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Happy little clouds: Bob Ross’s first museum show aims to change his reputation

Happy little clouds: Bob Ross’s first museum show aims to change his reputation


Happy little clouds: Bob Ross’s first museum show aims to change his reputation


Bob Ross, Reflections (1983) as seen on The Joy of Painting, Season 2, Episode 8
® Bob Ross name and images are registered trademarks of Bob Ross Inc. © Bob Ross Inc. used with permission

Why has it taken art museums so long to show the work of Bob Ross, the late, legendary 1980s TV painter beloved by millions? A new group show in Chicago is aiming to change that and move Ross’s evaluation from the king of kitsch to a conceptual artist. New Age, New Age: Strategies for Survival, at the DePaul Art Museum in Chicago (until 11 August), positions Ross not as a mere novelty but as the forefather of a newer self-help trend in contemporary art. Four oil landscapes created by Ross for his Joy of Painting TV show are exhibited alongside works by Rashid Johnson, Tony Oursler, Mai-Thu Perret, Robert Pruitt and others.

“Put aside your prejudices of Bob Ross and think of him as a true artist,” says the museum’s director and curator Julie Rodrigues Widholm, who likens the painter’s reputation to Frida Kahlo’s. “I’ve been interested in his [cultural] ubiquity yet distance from the art world.” Rodrigues Widholm’s curatorial provocation takes aim at art museums and the market to confront biases of taste, class and the practice of art therapy. “It’s what I might consider expanding the canon,” she says.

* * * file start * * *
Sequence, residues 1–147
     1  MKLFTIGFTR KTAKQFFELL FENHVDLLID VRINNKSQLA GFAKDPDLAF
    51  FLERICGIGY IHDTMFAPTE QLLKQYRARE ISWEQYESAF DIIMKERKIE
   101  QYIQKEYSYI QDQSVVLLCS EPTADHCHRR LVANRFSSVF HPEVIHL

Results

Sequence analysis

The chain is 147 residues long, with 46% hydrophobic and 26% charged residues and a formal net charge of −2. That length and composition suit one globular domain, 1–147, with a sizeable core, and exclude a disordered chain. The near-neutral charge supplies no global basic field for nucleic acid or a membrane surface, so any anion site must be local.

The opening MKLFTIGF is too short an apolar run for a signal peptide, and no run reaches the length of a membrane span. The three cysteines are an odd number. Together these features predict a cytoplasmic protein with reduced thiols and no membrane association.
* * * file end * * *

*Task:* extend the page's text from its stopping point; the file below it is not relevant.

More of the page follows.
Ross’s main goal was to get people to paint their own paintings; he was a great teacher

Borrowing the paintings couldn’t have been easier for Rodrigues Widholm. She called the Bob Ross Company, which runs a painting school in New Smyrna Beach, Florida, and oversees the painter’s legendary licensing brand. Although he died in 1995, you can still get a Bob Ross toaster to burn his trademark permed hairdo onto your bread, for example.

The company keeps around 50 original paintings by Ross in its offices and school. A spokeswomen confirmed that the Chicago show is Ross’s first in an art museum, and the second loan request ever. (The first was from the LBJ Presidential Library.) “Of course, Ross’s main goal was to get people to paint their own paintings; he was a great teacher,” Strohl reminds us.

His pedagogic talent, however, means authenticity is a tricky subject for Ross’s paintings, given that he literally taught millions of viewers to paint exactly like him, brushstroke by brushstroke. There are even certified Bob Ross instructors who can replicate his signature techniques.

In his lifetime, Ross sold many works to tourists in Alaska where he lived, gave many as gifts and donated them to public TV charities. He could finish an oil painting in under 30 minutes, often painting the exact scene at least three times for the TV tapings.

Ross’s market is also largely untested. To find a Ross painting for sale today you would have to turn to risky private sales, or to eBay, where a couple of successful auctions made $18,900 and $12,633, according to Jessie Schiewe on the OK Whatever website. But forgeries abound: the Bob Ross Company says it will authenticate any painting, which could become an overwhelming task if every suburban home suddenly finds a Ross in its den.

Instead, Rodrigues Widholm wants to focus on the “cultural, intellectual and aesthetic value” of Ross’s work. As a US Air Force veteran who painted “happy little clouds” and offered inspirational on-air advice while he worked, Ross represents a shift in post-war art away from suffering and trauma, away from irony and academicism, toward optimism, fantasy, community healing and teaching. It turns out Ross is right in line with contemporary art movements.


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